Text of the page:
The highly skilled Federale Machete is hired by some unsavory types to assassinate a senator. But just as he's about to take the shot, he notices someone aiming at him and realizes he's been set up. He barely survives the sniper's bullet, and is soon out for revenge on his former employers, with the reluctant assistance of his brother Cheech Marin, who has become a priest and taken a vow of nonviolence. If you hire him to take out the bad guys, make sure the bad guys aren't you! Written by
Osiris Amanpour (Tom Savini) is based on artist and performer (mr)Arash of the hip-hop group Diego Brown Project. Upon Robert Rodriguez meeting the group at a party, he was entertained by such traits as (mr)Arash's personality, clothing selections, and Persian ethnicity and name, all of which Rodriguez ended up using in the film. See more »
When the Padre is in the shootout with Von and his men, it's clear from the camera's angle that while the three men are looking for the Padre, and right before the Padre shoots two of thugs, Von can clearly see the whole side of the Padre hiding behind the column. See more »
[in Spanish; subtitled]
We're federal agents, not martyrs. This is suicide. She's just another kidnap victim.
[holding up picture]
What makes her special? Because she's a witness against Torrez? He probably has her locked up, drugged our of her mind. We don't have to do this!
If not us, then who?
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Don Johnson's billing in the opening credits is listed as "and introducing Don Johnson" See more »
"Machete" Is Not For Everyone, But It's Was Fun To Me
As I was in the theater watching "Machete", I could not help but see certain scenes and keep a list in my head of people who would hate this movie. When Machete (Danny Trejo) takes out the knife whose nickname he bears and cuts people's heads off, "people who hate violence in movie" made my list. When Sartana (Jessica Alba) takes a shower and leans against the wall in a way that millions of men probably fantasized about, "most, if not all, women" found its way onto my list. When Padre the Roman-Catholic priest (Cheech Marin) says "God has mercy. I don't." to a guy before blowing his brains out with a rifle, I couldn't help but mentally pencil in two other groups of people: Catholics, and people who hadn't seen "Grindhouse" (2007) when it came out in theaters three years ago.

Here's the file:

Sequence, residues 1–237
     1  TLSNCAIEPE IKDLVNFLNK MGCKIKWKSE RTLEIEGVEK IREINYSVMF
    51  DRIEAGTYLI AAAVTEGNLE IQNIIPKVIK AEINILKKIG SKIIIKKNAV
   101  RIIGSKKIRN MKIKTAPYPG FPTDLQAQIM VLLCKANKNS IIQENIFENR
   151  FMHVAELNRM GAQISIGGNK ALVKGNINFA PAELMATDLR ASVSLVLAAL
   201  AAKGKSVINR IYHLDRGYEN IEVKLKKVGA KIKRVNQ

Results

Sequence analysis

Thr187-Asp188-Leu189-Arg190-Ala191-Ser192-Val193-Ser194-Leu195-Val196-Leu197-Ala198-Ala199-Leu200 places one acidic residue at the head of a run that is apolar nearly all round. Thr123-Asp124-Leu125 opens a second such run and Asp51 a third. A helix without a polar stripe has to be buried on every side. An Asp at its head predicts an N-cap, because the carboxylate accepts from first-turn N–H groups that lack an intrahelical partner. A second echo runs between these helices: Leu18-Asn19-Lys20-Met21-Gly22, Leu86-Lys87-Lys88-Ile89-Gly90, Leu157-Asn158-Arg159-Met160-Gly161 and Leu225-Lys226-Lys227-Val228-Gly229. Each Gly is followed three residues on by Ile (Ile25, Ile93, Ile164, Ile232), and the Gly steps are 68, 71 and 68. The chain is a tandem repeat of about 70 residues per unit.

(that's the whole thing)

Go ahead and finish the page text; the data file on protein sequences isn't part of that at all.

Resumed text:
Well, I love violent action films, I think Jessica Alba is gorgeous, I am Catholic but am not easily offended, and I was one of a surprising few who saw the aforementioned ambitious tribute to B-movies of the 70's and 80's. Therefore, I enjoyed "Machete" a lot, but I imagine others would have to take it with a grain of salt.
"Machete", based on a fake trailer made exclusively for "Grindhouse" that director Robert Rodriguez decided to expand into a feature-length film, is not meant to be taken seriously. If anything, it's a clever film with a lot of great action sequences, intriguing characters, many interesting subplots, and a good story at its base. For starters, it also has an impressive roster of talented actors in it. There is an interesting mix of the usual Rodriguez players (Danny Trejo, Cheech Marin, Jeff Fahey), really good actors (Robert De Niro), notoriously bad actors (Steven Seagal, Don Johnson), and talented players that have made some bad film choices over the last few years (Jessica Alba, Lindsay Lohan). The funny thing is that, good or bad, most of these actors seem perfect fits for this movie, and work well off each other.
Trejo may have been an action star if he came to fame in 1970's cinema. Nowadays, it's not unusual to see good looking celebrities like Tom Cruise and Ryan Reynolds headline action films. Thankfully, Rodriguez, like Quentin Tarantino (who co-produced this film, but for some reason, remained uncredited) saw something in this 66-year-old ex-convict, because Trejo makes a great lead for an action film. Just one look at him, and you may want to start running. He's rugged, doesn't take any crap from anyone, and it is what action stars should be. It's just too bad the villains in this movie are not aware of that fact, and there are many villains.
There's Torrez (Steven Seagal), a drug kingpin who betrayed Machete while he was a Federale in Mexico. There's Booth (Jeff Fahey) who hires Machete to assassinate a Republican senator (De Niro) who's staunchly against illegal immigration. There's also a corrupt border patrolman (Don Johnson) who kills illegal immigrants with no mercy. Although Jessica Alba plays an INS agent, you really can't stay mad at her for long.
Although "Death Proof" and "Planet Terror" found a separate following on DVD, "Grindhouse", which combined the two films along with fake previews, did not do well at the box office despite rave reviews. So the timing may have been bad for "Machete" had it not been for the controversial Arizona immigration law that coincidentally coincided with this film's release. Whether or not this movie can be seen as a Hispanic-American revenge fantasy is not up to me to decide, although Michelle Rodriguez's turn as Luz, who is suspected of aiding illegal immigrants, raises some interesting questions. The film does seem to forget that it's a parody of exploitation films of years past at times, but never ceases from being fun. Just as Rodriguez brought "Machete" from a coming attraction to a feature film, I hope Rob Zombie does the same for his "Werewolf Women of the SS" preview.
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